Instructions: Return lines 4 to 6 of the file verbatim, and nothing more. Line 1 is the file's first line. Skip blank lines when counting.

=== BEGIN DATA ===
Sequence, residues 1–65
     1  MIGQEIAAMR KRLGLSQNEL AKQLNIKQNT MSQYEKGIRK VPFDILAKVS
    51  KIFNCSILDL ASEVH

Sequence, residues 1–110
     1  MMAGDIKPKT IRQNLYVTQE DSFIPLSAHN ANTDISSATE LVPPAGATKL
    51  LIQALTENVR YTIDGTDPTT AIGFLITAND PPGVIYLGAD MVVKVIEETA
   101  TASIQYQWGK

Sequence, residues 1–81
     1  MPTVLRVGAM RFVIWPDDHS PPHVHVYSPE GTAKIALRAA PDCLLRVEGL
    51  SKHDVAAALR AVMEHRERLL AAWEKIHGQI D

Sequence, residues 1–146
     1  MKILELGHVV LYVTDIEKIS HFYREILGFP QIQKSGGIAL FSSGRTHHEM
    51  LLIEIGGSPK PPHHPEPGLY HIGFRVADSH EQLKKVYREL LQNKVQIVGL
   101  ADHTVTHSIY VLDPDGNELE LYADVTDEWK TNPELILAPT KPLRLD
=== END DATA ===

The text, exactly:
Sequence, residues 1–110
     1  MMAGDIKPKT IRQNLYVTQE DSFIPLSAHN ANTDISSATE LVPPAGATKL
    51  LIQALTENVR YTIDGTDPTT AIGFLITAND PPGVIYLGAD MVVKVIEETA